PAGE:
Three-year-old company establishes firm foothold in Washington, D.C., market
One of the biggest lessons that Pleasant View Owner Peter Schultz has learned is to say “no” to services his company doesn’t specialize in. However, as shown here, the company still has a lot to offer its clients.
Photos courtesy of Pleasant View Landscaping.
Stop me if you’ve heard this from a successful landscape company owner before: “I started with a couple-thousand-dollar loan from mom and dad when I graduated from high school. Then I bought a lawn mower and a second-hand pick-up. My first jobs were mowing for the homes on my cul-de-sac where I grew up. And now, several years down the road, I finally hit the million-dollar mark expanding to additional neighborhoods.”
This typical start-up scenario couldn’t be further from the truth for Peter Schultz, CEO of Pleasant View Landscaping, headquartered in Washington, D.C.
At age 27, Schultz was primed on starting his very own landscape management company with a traditional bank loan. After all, for the previous eight years he successfully completed a landscape management program at the University of Maryland; interned at Brickman; was a managing member for a successful grounds maintenance company and a snow and ice removal firm; won multiple awards for revamping the grounds of BWI Airport; and awarded “The Youngest CEO of a Top 100 Registered Snow and Ice Management Firm.”
Pleasant View Landscaping
Owner: Peter Schultz
Headquarters: Washington, D.C.
Markets: Greater Washington, D.C., area
Services: Landscape, snow and ice removal and property services (facility maintenance, tenant improvements, parking lot repairs and striping and powerwashing)
Employees: 20 full time, year-round
How could he be turned down, right?
“Despite all this, the bank laughed at me when I asked for a loan,” says Schultz. “I was grouped under the ‘construction industry’ so they wouldn’t touch me.”
But that didn’t stop a determined Schultz. Within six months, he had assembled a group of investors and mentors that believed in him. His investor pool consisted of two local business owners and a family member who chipped in $150,000, all of whom have since been paid back in full.
He also worked with a handful of mentors who dropped their consulting fees initially until the company began generating a pre-determined amount of revenue. Mentors included a neighbor and friend who was a CFO for a national commercial cleaning franchise who helped with financials; a leading landscape industry consultant who assisted with budgeting, projections and strategic alliances; and a leading snow and ice industry consultant who assisted with snow management operations. In addition, Schultz networked with other business owners who kicked in valuable free advice.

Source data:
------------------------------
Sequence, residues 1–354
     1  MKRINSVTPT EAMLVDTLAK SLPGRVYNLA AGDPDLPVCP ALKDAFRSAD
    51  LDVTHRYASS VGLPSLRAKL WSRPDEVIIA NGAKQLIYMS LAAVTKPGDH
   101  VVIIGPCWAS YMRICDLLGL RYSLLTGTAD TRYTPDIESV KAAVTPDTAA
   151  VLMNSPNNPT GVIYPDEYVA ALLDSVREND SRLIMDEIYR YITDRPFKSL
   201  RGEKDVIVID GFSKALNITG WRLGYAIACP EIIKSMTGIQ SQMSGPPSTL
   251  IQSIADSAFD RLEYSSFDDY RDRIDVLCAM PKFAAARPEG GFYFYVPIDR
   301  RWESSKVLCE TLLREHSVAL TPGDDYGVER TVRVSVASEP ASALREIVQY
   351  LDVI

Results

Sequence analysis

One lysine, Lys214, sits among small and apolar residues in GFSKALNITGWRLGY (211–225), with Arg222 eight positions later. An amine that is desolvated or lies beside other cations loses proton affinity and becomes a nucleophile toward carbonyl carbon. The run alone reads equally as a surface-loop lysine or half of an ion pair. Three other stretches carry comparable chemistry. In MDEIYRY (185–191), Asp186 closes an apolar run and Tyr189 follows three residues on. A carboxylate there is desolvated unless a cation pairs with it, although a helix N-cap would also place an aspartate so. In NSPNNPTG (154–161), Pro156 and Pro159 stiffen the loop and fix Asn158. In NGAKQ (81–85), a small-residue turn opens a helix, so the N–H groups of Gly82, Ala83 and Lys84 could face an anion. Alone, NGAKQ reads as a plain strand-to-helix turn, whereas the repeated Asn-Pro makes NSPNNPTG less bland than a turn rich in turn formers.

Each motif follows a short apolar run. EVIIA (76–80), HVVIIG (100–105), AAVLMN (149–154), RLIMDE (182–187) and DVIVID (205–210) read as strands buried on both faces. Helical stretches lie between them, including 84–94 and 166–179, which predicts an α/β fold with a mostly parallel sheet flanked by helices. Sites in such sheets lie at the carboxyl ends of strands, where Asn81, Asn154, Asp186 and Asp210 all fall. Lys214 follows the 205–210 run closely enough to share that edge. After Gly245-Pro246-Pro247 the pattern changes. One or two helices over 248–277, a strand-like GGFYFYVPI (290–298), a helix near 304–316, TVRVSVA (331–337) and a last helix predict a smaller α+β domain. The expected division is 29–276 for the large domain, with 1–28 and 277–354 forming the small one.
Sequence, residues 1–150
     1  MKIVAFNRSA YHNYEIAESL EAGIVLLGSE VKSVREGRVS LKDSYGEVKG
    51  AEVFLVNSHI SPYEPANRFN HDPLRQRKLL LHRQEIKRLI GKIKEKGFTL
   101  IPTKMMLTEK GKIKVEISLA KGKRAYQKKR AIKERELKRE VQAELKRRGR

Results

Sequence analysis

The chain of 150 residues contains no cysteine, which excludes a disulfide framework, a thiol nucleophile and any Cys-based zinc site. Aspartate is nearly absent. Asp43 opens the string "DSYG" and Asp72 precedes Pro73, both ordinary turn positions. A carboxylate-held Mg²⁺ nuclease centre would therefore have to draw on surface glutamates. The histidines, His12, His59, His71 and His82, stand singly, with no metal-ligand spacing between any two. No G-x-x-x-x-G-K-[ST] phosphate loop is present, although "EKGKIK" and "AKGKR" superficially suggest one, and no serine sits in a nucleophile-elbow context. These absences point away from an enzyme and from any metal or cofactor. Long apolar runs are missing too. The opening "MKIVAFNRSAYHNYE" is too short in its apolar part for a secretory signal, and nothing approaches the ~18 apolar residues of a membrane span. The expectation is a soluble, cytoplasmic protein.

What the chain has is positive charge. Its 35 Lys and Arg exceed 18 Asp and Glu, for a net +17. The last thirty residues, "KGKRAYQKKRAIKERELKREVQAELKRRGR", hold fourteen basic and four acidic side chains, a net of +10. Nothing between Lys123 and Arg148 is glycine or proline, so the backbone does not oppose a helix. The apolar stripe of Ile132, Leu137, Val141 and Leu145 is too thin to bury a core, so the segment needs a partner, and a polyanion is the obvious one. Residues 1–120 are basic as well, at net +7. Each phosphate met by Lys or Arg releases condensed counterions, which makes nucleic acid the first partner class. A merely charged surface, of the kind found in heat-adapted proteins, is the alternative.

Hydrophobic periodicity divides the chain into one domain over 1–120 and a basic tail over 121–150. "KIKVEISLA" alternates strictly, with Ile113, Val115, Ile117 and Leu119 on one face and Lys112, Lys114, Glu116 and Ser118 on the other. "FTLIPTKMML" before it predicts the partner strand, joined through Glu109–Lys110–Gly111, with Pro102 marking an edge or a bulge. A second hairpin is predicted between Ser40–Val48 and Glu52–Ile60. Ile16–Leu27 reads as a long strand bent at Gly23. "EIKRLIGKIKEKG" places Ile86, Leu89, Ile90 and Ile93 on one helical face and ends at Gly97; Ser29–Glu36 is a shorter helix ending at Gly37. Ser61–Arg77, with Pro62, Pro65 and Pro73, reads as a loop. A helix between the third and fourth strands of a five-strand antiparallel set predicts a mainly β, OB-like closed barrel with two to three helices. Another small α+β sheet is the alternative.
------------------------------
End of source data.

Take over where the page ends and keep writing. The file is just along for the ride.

With money in hand, Schultz proceeded with his plan to provide snow and ice removal and landscape maintenance services exclusively for commercial properties. In his first year, he hit the half-million-dollar mark. The second year, he went well over the million-dollar mark with $1.45 million. Now, just halfway through his third year in business, the revenue needle has jumped to $2.5 million. Despite the stellar growth of Pleasant View in its first three years, its modest 29-year-old founder chalks it all up to the inclement weather of pounding snow and ice storms that hit the mid-Atlantic.
His investors and mentors don’t agree. They credit much of the company’s meteoric rise to the finesse of the founder along with the weather working in his favor.
From day one, Pleasant View has been playing in the Land of the Giants with the likes of established and successful operations, such as NaturaLawn, Brickman, Ruppert and Denison, nipping at its heels. So, how has this “David” of landscape maintenance companies not only survived but thrived in this competitive D.C. arena?
“We do an outstanding job aligning ourselves with what is most important to our clients,” says Schultz. “If you really want to win a contract, you need to dig much deeper into what the client’s needs are. Just giving them a competitive price with promises of great service doesn’t get the job done anymore. It’s so much more than that. In order to find out what it is they need, we learned that most of the time all we need to do was to listen closely.”
Schultz also found it crucial to be tuned into the demands on sustainability practices that he says are requested by more than 75 percent of potential clients. “We stay on top of LEED rules and regulations,” he says. “We are replacing annuals with perennials, installing smart irrigation systems, low-voltage lighting and green roofs. We are switching out our mowers from gas to propane and using electric-powered weed eaters and using IPM and organic fertilizers regularly.”